Note added at 1 jour15 heures (2017-09-24 07:15:19 GMT)

I think my suggested term, which is a real part of current FR usage over here, will be understandable to the FR reader and will convey broadly the same notion, insofar as an approximately equivalent system exists in France.

Note added at 6 jours (2017-09-29 10:42:53 GMT)

Well, we all I think know exactly what it means in GB! Sadly, though, the poor French reader doesn't.
However, had you said from the outset this was for a "relevé d'information", that's actually pretty important extra context, and clearly a marketing term is not what is required; as long as you explained with some kind of translator's note, your chosen solution ought to suffice. At least 10 people in Luxembourg will know what it means...

Note added at 6 jours (2017-09-29 10:44:41 GMT)

As you will see, I did also mention 'bonus protégé', even though I suggested it might be indavisable to use it, given the regional nature of its apparent usage.

Tony M
Local time: 22:45
Native speaker of: Native in EnglishEnglish
PRO pts in category: 51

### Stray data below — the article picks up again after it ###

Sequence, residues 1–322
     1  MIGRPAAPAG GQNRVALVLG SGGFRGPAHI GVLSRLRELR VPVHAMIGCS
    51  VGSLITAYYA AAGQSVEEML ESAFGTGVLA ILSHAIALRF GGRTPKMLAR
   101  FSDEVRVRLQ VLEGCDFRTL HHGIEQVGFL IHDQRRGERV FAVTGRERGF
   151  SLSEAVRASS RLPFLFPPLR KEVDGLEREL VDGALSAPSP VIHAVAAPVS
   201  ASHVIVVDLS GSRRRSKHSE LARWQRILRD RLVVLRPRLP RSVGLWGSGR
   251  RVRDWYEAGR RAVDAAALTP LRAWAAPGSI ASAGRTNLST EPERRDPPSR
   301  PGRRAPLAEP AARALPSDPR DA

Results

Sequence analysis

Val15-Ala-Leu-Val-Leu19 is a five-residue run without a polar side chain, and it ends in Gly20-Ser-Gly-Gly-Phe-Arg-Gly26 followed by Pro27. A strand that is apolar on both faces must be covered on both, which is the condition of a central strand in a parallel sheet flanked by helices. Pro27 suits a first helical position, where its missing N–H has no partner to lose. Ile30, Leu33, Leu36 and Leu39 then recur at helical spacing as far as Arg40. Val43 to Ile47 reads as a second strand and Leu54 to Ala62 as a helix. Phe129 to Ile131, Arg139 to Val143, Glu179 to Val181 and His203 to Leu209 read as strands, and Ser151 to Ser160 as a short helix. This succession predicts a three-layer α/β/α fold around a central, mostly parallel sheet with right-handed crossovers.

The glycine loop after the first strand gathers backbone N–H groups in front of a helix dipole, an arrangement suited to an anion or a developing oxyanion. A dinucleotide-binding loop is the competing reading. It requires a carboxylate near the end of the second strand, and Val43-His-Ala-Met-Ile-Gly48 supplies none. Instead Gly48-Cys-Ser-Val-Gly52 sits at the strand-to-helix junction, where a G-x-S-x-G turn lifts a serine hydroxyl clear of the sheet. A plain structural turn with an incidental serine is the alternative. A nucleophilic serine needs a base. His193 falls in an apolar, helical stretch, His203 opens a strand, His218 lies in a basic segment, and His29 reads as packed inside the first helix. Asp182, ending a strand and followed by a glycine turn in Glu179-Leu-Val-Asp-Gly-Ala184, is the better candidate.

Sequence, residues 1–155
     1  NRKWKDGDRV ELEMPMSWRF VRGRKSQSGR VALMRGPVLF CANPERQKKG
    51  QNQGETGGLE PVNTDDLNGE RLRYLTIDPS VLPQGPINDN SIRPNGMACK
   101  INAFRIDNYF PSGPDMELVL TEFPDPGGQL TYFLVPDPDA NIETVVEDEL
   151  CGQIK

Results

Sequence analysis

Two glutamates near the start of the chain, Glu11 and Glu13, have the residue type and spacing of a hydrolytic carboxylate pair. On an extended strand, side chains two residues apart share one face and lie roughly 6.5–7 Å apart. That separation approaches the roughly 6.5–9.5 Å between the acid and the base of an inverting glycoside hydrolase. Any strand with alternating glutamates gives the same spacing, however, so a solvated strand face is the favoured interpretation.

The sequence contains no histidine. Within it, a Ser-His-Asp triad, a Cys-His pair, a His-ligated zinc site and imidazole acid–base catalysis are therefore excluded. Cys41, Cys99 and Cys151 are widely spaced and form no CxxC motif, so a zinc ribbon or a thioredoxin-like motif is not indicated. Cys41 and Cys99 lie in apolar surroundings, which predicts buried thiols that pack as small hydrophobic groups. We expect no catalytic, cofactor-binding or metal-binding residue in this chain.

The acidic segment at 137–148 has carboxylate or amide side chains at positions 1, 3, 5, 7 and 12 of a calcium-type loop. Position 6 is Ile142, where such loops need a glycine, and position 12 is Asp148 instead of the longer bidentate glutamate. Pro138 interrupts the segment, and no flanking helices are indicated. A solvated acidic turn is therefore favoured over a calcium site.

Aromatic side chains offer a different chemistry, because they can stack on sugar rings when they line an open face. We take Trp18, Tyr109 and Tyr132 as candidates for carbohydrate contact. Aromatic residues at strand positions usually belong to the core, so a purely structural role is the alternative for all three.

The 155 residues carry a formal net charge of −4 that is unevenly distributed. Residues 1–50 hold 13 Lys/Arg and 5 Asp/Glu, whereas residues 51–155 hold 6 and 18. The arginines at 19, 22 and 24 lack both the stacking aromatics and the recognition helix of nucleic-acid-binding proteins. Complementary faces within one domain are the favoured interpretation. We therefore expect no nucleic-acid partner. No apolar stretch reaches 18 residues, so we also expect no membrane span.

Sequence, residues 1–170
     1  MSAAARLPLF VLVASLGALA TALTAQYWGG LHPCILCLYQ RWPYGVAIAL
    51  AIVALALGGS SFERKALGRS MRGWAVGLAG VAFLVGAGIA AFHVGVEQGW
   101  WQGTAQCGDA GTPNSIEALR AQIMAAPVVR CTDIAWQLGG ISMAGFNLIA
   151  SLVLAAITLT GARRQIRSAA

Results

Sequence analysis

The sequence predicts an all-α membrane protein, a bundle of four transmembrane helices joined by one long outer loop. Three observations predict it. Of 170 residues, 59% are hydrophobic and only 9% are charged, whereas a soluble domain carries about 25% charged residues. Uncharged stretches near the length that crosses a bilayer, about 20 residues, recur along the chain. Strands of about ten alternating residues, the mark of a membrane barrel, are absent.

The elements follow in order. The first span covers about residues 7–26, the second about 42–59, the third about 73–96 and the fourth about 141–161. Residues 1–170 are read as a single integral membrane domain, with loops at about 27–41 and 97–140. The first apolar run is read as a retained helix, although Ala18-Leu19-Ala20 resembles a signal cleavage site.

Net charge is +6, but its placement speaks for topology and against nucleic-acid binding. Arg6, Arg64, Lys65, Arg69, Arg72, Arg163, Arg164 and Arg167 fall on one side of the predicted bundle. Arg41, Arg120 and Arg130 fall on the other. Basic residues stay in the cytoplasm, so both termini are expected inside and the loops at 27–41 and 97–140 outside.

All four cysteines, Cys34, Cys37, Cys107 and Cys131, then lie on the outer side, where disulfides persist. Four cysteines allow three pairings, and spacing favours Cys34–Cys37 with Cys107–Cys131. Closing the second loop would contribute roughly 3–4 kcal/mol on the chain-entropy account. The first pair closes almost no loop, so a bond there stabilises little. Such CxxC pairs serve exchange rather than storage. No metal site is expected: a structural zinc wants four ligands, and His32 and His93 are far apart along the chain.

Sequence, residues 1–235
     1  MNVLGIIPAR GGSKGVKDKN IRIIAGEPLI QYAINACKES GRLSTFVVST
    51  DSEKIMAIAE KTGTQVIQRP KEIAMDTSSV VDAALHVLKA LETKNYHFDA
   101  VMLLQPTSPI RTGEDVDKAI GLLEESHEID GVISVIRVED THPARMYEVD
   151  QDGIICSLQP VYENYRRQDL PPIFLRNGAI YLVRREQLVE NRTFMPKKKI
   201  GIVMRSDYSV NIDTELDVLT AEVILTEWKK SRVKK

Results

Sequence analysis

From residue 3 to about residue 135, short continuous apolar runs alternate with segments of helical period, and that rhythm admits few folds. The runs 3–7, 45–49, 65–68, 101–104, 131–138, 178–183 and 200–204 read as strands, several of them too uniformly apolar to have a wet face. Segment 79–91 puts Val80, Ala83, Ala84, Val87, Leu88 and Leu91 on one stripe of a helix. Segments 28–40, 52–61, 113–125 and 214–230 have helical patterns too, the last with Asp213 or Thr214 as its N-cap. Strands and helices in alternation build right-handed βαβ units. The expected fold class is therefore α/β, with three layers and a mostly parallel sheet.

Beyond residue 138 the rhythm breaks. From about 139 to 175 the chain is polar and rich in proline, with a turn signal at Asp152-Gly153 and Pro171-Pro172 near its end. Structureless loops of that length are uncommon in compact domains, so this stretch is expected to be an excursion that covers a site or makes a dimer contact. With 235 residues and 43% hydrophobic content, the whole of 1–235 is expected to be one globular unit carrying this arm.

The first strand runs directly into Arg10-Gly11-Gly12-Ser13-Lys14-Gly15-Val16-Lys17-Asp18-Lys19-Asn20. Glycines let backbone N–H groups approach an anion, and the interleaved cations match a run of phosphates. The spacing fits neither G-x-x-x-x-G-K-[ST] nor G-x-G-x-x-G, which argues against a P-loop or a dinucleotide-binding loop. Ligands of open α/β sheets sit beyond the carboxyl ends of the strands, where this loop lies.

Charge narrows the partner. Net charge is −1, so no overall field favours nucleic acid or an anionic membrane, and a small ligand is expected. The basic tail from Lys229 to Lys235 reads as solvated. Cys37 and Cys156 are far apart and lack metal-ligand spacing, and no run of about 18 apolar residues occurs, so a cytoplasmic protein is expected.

Notes to answerer
Asker: Hi Tony, Thank you for all the information and your comments. Much appreciated. So, I sent the translation to the client with a note for them to choose the most appropriate term, as they actually are an insurance company. They came back to me choosing "bonus protégé" adding a footnote explaining what it implies in GB. "Bonus à vie", in their opinion, is indeed a marketing term that could fit on a more general basis, but not in this case, as the text was a "relevé d'information", and could be mixed up with some other insurance-related concepts. Have a great Friday and good weekend!

Asker: Yes, indeed, I did forget to add that it was for a "relevé d'information", my bad! The clients being French working in France, I assume they know what they are doing. I did mention to them that your proposition was probably the more accurate. But at the end, they will be the ones using the document. At least a footnote has been added to make sure there is no confusion with any other terms.

Peer comments on this answer (and responses from the answerer)
neutral  Daryo: 'bonus protégé' sounds more logical to me / self-explanatory
2 hrs
  -> Me too, that's why I googled it; but only 10 hits, all from Lux. :-( // Now we have more context, I think it WOULD have been OK to use after all.

disagree  Patrick Lemaire: No, the bonus is not granted for life. It is only protected on the condition that there are not too many claims over a period of time (usually no more than 2 claims over a period of 3 to 5 years).
8 hrs
  -> As UK driver, I'm well aware of this; however, this IS the term used in FR marketing hype.

neutral  AllegroTrans: French hype or no, I don't think it translates the GB reality properly
1 day 6 hrs
  -> Well, it IS the accepted FR term for the nearest equivalent system in FR; and "à vie" is a relative term, but in essence, it DOES mean 'for ever more' (provided you don't have TOO many accidents)